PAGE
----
Windstorm rate cuts come up short

Many homeowners are feeling let down by the much-promised insurance rate reductions touted by lawmakers.

Article Courtesy of The Miami Herald

By Beatrice E. Garcia
Published  April 20, 2007

Discounts? What discounts?

Florida homeowners were promised relief from soaring windstorm premiums. That was the mission of a special legislative session, where Gov. Charlie Crist turned up the heat and lawmakers passed a massive insurance reform bill.

But when homeowners compare discounts insurers have promised to the 25 percent, 50 percent or even more than 100 percent premium increases they've been hit with in the past two years, few are impressed.

''It's like a game of bait and switch at the car dealer,'' says Manny Delgado, who lives in unincorporated West Broward.

He's waiting for a quote from Royal Palm Insurance, which is offering an average 20.7 percent discount.

Joseph A. DelVecchio of Miami Beach is thinking of jumping to Citizens Property Insurance, the state-run company that is now Florida's largest insurer of homes and condos.

His Homewise policy shot up 83 percent last year, to $3,647. Yet Homewise, licensed in late 2005 to take policies out of Citizens, is offering only a 12.8 percent to 20.4 percent cut.

''The rate reductions aren't as significant as we were led to believe,'' says Alex Sink, Florida's chief financial officer.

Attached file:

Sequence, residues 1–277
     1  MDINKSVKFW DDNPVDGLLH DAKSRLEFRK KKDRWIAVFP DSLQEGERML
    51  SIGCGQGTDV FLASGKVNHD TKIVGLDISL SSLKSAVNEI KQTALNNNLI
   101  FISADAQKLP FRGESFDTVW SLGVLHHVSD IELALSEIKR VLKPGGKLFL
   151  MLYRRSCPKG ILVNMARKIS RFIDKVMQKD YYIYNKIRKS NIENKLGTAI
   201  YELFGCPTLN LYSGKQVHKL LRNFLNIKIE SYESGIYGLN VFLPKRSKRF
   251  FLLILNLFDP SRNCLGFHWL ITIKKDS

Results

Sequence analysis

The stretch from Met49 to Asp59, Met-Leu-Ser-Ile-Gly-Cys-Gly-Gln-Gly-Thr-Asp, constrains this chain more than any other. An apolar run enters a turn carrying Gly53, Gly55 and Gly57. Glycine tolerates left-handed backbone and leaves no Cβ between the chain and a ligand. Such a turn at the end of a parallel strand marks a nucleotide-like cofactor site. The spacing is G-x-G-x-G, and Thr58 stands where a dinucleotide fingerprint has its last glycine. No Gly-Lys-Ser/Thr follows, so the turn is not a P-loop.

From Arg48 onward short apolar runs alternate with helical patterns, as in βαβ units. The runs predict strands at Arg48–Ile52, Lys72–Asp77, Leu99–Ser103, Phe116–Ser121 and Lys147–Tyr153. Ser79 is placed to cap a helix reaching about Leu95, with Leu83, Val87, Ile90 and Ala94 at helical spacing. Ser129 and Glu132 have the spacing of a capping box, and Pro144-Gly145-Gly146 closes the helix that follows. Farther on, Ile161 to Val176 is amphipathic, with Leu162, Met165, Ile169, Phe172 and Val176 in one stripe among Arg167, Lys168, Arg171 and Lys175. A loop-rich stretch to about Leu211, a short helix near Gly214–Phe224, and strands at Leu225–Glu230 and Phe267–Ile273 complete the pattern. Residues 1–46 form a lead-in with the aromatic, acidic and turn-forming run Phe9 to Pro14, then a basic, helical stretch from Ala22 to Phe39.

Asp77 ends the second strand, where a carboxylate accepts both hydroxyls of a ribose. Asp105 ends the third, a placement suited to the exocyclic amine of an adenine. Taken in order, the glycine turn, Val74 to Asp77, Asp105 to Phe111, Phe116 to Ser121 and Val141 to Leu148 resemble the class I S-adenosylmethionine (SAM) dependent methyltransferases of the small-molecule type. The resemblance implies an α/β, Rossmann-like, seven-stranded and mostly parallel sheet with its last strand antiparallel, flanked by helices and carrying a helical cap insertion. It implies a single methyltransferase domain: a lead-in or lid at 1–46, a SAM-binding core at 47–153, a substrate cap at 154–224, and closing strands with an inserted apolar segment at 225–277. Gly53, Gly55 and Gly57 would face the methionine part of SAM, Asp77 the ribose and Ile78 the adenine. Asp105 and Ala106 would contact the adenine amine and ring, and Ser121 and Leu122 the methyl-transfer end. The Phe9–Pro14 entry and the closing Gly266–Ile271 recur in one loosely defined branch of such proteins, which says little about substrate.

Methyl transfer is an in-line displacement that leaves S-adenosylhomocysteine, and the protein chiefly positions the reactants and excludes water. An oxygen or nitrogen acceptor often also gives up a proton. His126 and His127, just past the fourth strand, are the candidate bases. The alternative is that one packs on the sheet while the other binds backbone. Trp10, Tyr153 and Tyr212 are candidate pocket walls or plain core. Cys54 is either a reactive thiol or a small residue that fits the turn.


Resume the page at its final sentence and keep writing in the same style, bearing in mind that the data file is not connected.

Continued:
In parts of South Florida, which has the state's highest rates, reductions were expected to exceed 50 percent. Statewide, the cuts were projected to average 24.3 percent.


A far different reality is unfolding. Major private insurers State Farm, Allstate and USAA filed discounts ranging from 3.1 percent to 14.2 percent.

Yet the last round of rate hikes for these companies ranged from 8 percent for USAA to 52.4 for State Farm. In Broward County, State Farm homeowners east of the Intercoastal Waterway received renewals with 165 percent increases.

On paper, the 37.7 percent rate discount offered by American Guarantee and Liability Insurance's group of companies, which includes Zurich American Insurance, looks great. But agents say the company is writing few new policies.

Under the new law, insurers are expected to pass on savings they reap as they buy backup insurance from the Florida Hurricane Catastrophe Fund, made less expensive during the special session. But State Farm says it buys most backup insurance at low cost from its parent company, meaning a smaller reduction to pass on.

To many State Farm policyholders -- including Rep. Julio Robaina, a Miami Republican -- the company's projected 7 percent rate reduction is downright puny.

''It's just not enough,'' says Robaina, whose State Farm premium jumped to $6,800 from $3,600 this year. He raised his deductible to 10 percent to significantly reduce it.

''I gave myself a discount,'' Robaina says, knowing he's on the hook for the first $21,000 of storm damage on his Miami-Dade home.

Citizens' policyholders were spared a scheduled 21.4 percent rate hike this year. But many are still smarting from last year's increases -- as much as 125 percent for condo associations, many of which can get only Citizens.